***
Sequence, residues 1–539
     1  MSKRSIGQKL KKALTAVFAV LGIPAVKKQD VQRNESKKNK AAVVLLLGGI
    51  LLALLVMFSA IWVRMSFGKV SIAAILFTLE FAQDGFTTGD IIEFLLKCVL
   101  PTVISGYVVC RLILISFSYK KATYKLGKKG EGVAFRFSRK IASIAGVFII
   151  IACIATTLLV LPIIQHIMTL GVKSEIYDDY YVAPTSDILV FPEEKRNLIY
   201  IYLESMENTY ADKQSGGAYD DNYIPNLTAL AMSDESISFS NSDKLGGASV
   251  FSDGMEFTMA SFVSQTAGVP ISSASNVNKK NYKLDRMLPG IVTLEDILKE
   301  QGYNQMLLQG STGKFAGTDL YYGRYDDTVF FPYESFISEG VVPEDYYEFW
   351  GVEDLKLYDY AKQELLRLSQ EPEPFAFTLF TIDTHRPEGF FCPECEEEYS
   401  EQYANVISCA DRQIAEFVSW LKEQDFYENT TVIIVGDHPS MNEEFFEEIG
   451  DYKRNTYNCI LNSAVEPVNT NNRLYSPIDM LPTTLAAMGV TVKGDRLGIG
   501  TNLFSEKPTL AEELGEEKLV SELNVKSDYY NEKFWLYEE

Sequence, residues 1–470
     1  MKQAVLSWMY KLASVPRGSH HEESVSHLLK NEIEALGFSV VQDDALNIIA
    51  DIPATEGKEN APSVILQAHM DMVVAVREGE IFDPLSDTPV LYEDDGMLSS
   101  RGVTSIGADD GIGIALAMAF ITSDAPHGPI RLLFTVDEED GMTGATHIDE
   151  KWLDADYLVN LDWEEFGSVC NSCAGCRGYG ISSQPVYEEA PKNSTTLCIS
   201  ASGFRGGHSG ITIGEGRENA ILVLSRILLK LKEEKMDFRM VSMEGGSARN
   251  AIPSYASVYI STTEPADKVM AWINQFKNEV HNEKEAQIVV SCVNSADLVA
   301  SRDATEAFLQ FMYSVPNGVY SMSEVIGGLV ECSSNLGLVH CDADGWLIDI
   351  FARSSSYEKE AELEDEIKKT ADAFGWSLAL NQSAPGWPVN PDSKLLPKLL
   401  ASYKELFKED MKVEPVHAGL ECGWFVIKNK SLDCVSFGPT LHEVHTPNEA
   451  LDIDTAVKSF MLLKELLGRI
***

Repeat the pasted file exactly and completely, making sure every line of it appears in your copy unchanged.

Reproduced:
Sequence, residues 1–539
     1  MSKRSIGQKL KKALTAVFAV LGIPAVKKQD VQRNESKKNK AAVVLLLGGI
    51  LLALLVMFSA IWVRMSFGKV SIAAILFTLE FAQDGFTTGD IIEFLLKCVL
   101  PTVISGYVVC RLILISFSYK KATYKLGKKG EGVAFRFSRK IASIAGVFII
   151  IACIATTLLV LPIIQHIMTL GVKSEIYDDY YVAPTSDILV FPEEKRNLIY
   201  IYLESMENTY ADKQSGGAYD DNYIPNLTAL AMSDESISFS NSDKLGGASV
   251  FSDGMEFTMA SFVSQTAGVP ISSASNVNKK NYKLDRMLPG IVTLEDILKE
   301  QGYNQMLLQG STGKFAGTDL YYGRYDDTVF FPYESFISEG VVPEDYYEFW
   351  GVEDLKLYDY AKQELLRLSQ EPEPFAFTLF TIDTHRPEGF FCPECEEEYS
   401  EQYANVISCA DRQIAEFVSW LKEQDFYENT TVIIVGDHPS MNEEFFEEIG
   451  DYKRNTYNCI LNSAVEPVNT NNRLYSPIDM LPTTLAAMGV TVKGDRLGIG
   501  TNLFSEKPTL AEELGEEKLV SELNVKSDYY NEKFWLYEE

Sequence, residues 1–470
     1  MKQAVLSWMY KLASVPRGSH HEESVSHLLK NEIEALGFSV VQDDALNIIA
    51  DIPATEGKEN APSVILQAHM DMVVAVREGE IFDPLSDTPV LYEDDGMLSS
   101  RGVTSIGADD GIGIALAMAF ITSDAPHGPI RLLFTVDEED GMTGATHIDE
   151  KWLDADYLVN LDWEEFGSVC NSCAGCRGYG ISSQPVYEEA PKNSTTLCIS
   201  ASGFRGGHSG ITIGEGRENA ILVLSRILLK LKEEKMDFRM VSMEGGSARN
   251  AIPSYASVYI STTEPADKVM AWINQFKNEV HNEKEAQIVV SCVNSADLVA
   301  SRDATEAFLQ FMYSVPNGVY SMSEVIGGLV ECSSNLGLVH CDADGWLIDI
   351  FARSSSYEKE AELEDEIKKT ADAFGWSLAL NQSAPGWPVN PDSKLLPKLL
   401  ASYKELFKED MKVEPVHAGL ECGWFVIKNK SLDCVSFGPT LHEVHTPNEA
   451  LDIDTAVKSF MLLKELLGRI